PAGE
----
Intravenous immunoglobulin (IVIG) is a proposed treatment for chronic fatigue syndrome.
Theory[edit | edit source]
Evidence[edit | edit source]
The American Journal of Medicine published two studies with different conclusions following each other in the November 1990 issue. The two studies were done in different countries and neither report the case definitions used to identify patients. The study with positive results used a dose twice that as the study with negative results. Following are the abstracts.
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Positive results[edit | edit source]
- 1990, A double-blind, placebo-controlled trial of intravenous immunoglobulin therapy in patients with chronic fatigue syndrome. Done by the Department of Infectious Diseases, Prince Henry Hospital, Sydney, Australia. This study found that a low CD4 count at baseline before IVIG treatment commenced was a predictor of which ME/CFS patients would do well on IVIG.
- 1992, Immunological and psychological dysfunction in patients receiving immunotherapy for chronic fatigue syndrome
- 1997, Double-blind randomized controlled trial to assess the efficacy of intravenous gammaglobulin for the management of chronic fatigue syndrome in adolescents
- 1999, Five-Year Follow-Up of Young People with Chronic Fatigue Syndrome Following the Double Blind Randomised Controlled Intravenous Gammaglobulin Trial
- 2003, Successful Intravenous Immunoglobulin Therapy in 3 Cases of Parvovirus B19-Associated Chronic Fatigue Syndrome
- 2008, Tae Park, MD, presented his study about IVIG for ME/CFS patients at the 3rd Invest in ME International ME Conference. He checked the Glomerular filtration rate (GFR) in 125 ME/CFS patients who met the Fukuda criteria by measuring s-creatinine clearance with cockcroft-auld formula. "We found there were significant renal blood flow improvements in 60 patients (50%) with IVIG treatment...the improvement of renal blood flow is between 35% and 60% of previous GFR. These findings of improved renal blood flow may be evidence of improved cerebral blood flow...[and] may explain the improvement of cognitive function and other symptoms of ME/CFS patients with IVIG treatments."
- 2021, Back to the Future? Immunoglobulin Therapy for Myalgic Encephalomyelitis/Chronic Fatigue Syndrome - (Full text)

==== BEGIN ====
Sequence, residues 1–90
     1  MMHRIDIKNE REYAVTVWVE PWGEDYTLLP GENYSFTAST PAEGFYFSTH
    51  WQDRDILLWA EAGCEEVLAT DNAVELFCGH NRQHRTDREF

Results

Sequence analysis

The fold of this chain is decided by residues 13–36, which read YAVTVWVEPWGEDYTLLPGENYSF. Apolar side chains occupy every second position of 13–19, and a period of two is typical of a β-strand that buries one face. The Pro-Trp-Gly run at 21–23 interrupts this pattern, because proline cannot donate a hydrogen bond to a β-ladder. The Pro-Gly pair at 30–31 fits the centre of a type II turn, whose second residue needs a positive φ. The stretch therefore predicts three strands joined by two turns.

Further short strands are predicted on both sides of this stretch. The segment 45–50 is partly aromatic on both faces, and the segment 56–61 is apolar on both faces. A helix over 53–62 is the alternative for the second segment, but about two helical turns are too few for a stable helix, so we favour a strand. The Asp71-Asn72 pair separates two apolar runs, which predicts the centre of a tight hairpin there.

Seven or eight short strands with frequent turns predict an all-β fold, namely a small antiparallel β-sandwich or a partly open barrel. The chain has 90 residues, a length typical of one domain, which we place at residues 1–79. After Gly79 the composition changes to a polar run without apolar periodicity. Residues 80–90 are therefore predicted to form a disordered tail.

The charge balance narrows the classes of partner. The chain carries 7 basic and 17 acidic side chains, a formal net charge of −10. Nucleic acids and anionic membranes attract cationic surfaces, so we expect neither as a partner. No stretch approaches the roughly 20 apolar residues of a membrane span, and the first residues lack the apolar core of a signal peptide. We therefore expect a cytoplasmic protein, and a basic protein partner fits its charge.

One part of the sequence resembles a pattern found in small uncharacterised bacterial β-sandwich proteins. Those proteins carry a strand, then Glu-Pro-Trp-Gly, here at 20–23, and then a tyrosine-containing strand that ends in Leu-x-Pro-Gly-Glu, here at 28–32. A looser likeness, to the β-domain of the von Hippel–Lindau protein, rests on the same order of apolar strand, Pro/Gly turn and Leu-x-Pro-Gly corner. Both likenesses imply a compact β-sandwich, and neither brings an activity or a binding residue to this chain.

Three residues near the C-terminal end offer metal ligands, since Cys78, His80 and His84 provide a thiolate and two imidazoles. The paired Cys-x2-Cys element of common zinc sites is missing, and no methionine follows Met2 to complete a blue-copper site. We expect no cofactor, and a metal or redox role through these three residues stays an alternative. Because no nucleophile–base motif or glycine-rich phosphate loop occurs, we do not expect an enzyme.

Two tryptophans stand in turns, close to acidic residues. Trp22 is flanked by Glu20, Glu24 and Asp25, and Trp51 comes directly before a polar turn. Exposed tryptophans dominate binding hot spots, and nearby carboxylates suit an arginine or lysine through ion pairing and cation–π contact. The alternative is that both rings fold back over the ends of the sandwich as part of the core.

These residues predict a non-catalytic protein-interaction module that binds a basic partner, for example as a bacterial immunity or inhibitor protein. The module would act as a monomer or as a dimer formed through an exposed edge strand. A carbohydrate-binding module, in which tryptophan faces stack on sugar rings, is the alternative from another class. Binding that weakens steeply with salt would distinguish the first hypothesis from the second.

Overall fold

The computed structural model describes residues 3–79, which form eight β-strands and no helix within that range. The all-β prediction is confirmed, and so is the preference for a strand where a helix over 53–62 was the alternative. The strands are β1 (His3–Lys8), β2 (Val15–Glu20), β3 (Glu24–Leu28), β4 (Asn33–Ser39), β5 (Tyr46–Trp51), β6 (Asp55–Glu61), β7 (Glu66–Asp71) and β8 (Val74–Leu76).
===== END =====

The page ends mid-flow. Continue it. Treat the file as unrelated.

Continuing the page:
Negative results[edit | edit source]
- 1990, A controlled trial of intravenous immunoglobulin G in chronic fatigue syndrome. Done by the Department of Medicine, Hennepin County Medical Center, Minneapolis, Minnesota.
- 1997, Intravenous immunoglobulin is ineffective in the treatment of patients with chronic fatigue syndrome
- 2015, Paradoxical response to intravenous immunoglobulin in a case of Parvovirus B19-associated chronic fatigue syndrome, Attard, Luciano et al.Journal of Clinical Virology , Volume 62 , 54 - 57
Clinicians[edit | edit source]
Dr. Irving Spurr of the UK, "uses immunogloulin treatment extensively and has not done a RCT [randomized controlled trial] because he does not believe it is ethical to not offer it to clients. There are apparently problems with the use of IVIG in the UK and so he used IM."
Risks & safety[edit | edit source]
The risks of IGIV administration must be carefully weighed against potential benefits.
From 1-15% of people receiving IVIG infusions report mild self-limited symptoms, including: fever, chills, headache, myalgia, nausea and/or vomiting, low back pain, increased heart rate, blood pressure changes, shortness of breath and chest tightness. Onset of symptoms range from 30 minutes to several days post-infusion. The cause is thought to be from pathogen die-off and/or a mild allergic reaction. As with any blood product, severe and even fatal anaphylactoid reactions may occur. When using IVIG, the risk is in patients with anti-IgA antibodies of the IgG and IgE isotypes in the patient's serum, though this condition is extremely rare.
Reports of renal failure associated with IVIG occur in less than 1% of cases. Caution is urged for those patients with pre-existing renal insufficiency.
Costs & availability[edit | edit source]
IVIG for ME/CFS is considered an off-use or non-FDA approved treatment. As a result, few physicians prescribe it and insurance companies will not cover it, unless a co-morbid condition that merits IVIG exists. The estimated out of pocket cost in the U.S. for a four dose course of IVIG for a 70 kg/155 lb person at 2 g/kg could cost $25,000-$26,000.
See also[edit | edit source]
Learn more[edit | edit source]
References[edit | edit source]
- Lloyd, A.; Hickie, I.; Wakefield, D.; Boughton, C.; Dwyer, J. (November 1990). "A double-blind, placebo-controlled trial of intravenous immunoglobulin therapy in patients with chronic fatigue syndrome". The American Journal of Medicine. 89 (5): 561–568. ISSN 0002-9343. PMID 2146875.